When the motorcar began to make its appearance during the 1890s, driving was a very cold occupation during winter weather, as there was no internal heating in cars until the 1930s.
Wearing the Gauntlet glove in various forms was the obvious choice for the motorist, covering the wrist and fitting over the warm overcoat.
It could be lined in various warm linings: wool, fur and lambskin. The leather, being a thick heavy type, did not allow any great sensitivity of feel; probably not so important in the early days as the steering mechanism would not have been very sensitive, and movement would have been rather crude requiring a strong grip of the wheel.
As the heating in cars developed, a short type of glove became popular, made in thin lightweight leather and tight fitting, often with perforations to help keep the hands cool, and with rows of stitching on the palm to help the grip on the wheel. This glove allowed the driver to experience a firm hold of the wheel without using a great deal of gripping strength, and he or she could appreciate the lighter, more sensitive steering developed in modern cars. Over the years the manufacturers also realised that a gripping non-slip surface covering the wheel was a great help and safety factor, and this appears on cars from the 1960s onwards.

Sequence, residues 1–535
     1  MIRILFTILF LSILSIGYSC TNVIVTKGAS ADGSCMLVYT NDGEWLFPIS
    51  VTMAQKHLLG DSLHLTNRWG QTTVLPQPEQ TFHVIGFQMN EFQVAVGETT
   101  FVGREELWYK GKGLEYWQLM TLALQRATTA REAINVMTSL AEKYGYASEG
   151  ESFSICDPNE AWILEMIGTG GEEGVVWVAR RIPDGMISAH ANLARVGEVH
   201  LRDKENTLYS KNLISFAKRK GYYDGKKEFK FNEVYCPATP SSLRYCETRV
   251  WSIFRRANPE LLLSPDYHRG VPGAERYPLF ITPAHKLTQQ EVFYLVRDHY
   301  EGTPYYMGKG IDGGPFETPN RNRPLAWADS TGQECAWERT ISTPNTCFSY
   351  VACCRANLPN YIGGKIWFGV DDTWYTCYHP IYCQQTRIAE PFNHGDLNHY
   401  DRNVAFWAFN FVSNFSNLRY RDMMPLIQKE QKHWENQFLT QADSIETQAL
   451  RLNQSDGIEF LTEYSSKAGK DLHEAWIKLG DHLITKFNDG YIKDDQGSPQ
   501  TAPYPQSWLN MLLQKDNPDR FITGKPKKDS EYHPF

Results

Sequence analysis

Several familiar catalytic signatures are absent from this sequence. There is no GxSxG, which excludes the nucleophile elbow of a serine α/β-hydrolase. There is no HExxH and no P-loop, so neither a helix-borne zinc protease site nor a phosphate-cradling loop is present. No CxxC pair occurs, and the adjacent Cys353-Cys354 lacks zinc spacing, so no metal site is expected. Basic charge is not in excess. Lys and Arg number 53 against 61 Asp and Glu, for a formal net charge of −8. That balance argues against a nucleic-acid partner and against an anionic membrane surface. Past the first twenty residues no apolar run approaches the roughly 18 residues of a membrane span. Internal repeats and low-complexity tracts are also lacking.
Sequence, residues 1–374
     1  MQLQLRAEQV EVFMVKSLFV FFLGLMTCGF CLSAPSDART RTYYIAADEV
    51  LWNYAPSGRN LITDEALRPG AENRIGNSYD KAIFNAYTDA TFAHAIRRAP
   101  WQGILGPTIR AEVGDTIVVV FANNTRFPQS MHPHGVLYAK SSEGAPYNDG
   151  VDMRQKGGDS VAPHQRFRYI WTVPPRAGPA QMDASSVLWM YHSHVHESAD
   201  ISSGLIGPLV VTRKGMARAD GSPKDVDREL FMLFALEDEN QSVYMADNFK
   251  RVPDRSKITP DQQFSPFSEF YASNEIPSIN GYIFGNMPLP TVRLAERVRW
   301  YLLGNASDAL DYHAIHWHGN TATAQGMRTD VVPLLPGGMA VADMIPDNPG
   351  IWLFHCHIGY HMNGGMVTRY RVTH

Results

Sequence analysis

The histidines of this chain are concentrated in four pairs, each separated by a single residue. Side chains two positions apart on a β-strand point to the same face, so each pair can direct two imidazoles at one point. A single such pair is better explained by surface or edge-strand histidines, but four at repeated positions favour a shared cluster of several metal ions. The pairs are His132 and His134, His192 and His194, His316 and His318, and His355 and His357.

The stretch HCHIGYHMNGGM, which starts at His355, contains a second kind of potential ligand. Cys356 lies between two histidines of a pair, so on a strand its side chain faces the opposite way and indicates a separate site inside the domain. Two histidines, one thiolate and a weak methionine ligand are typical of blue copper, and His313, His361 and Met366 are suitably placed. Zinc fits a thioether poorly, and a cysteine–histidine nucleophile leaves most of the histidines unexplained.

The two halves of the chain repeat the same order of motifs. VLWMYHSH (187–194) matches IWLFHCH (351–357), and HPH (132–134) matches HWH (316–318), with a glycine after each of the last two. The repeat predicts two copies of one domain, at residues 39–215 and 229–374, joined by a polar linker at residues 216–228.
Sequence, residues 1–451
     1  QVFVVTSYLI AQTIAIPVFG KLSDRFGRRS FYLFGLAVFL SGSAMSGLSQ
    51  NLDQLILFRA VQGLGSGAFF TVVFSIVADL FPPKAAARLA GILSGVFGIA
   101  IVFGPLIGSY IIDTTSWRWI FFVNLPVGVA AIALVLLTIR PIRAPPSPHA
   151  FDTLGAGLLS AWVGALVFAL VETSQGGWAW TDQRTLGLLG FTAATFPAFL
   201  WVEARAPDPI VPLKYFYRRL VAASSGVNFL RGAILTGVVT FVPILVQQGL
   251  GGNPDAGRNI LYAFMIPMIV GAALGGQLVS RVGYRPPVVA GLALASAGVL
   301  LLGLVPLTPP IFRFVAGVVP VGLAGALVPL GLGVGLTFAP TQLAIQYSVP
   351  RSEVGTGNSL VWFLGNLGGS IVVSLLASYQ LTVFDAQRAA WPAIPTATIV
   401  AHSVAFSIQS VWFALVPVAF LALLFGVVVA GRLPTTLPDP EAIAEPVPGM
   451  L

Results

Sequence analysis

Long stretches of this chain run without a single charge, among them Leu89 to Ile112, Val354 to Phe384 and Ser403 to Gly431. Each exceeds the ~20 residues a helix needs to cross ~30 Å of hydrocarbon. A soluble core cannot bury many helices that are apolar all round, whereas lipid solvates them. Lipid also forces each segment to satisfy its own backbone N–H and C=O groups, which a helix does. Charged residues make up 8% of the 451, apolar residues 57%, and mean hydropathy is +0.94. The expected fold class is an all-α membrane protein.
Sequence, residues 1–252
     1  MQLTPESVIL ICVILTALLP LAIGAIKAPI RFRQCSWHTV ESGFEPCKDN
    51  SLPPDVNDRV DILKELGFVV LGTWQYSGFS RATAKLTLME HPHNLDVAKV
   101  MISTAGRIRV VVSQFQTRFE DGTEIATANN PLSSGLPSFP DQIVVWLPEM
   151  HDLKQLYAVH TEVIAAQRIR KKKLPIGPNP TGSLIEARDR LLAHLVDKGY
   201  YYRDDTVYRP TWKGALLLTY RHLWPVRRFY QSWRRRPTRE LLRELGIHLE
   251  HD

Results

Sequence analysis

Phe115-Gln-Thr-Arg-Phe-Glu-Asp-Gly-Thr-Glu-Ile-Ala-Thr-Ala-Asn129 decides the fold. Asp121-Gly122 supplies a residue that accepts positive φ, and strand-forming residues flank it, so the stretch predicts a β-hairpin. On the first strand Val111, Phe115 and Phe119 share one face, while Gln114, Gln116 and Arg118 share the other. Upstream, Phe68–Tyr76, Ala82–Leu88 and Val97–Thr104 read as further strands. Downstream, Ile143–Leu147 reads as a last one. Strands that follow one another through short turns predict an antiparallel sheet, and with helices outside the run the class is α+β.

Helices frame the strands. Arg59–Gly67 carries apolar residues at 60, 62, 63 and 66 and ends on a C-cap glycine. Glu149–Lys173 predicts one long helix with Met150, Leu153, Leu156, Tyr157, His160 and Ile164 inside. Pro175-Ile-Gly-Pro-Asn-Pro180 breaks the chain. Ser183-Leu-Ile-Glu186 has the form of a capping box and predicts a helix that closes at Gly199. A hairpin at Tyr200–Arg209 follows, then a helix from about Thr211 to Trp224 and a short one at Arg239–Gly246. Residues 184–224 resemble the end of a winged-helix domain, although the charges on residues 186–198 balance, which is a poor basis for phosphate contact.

General fashion too had its effect, and during the “Swinging 60s” the ‘cut out’ back styles were very popular indeed, and this was a feature of driving gloves for a decade. This style has recently enjoyed something of a resurgence.
With the advantage of very efficient heating during the 1970s/1980s and a good non-slip surface on the steering wheel, the popular fashion of wearing gloves for general driving has somewhat declined, however, we would still find today a pair of lightweight driving gloves in the glove compartment of many car owners.
Jack Brabham Driving Gloves c1964-1974
Do you have gloves in your car?
Sarah, Dents Museum Curator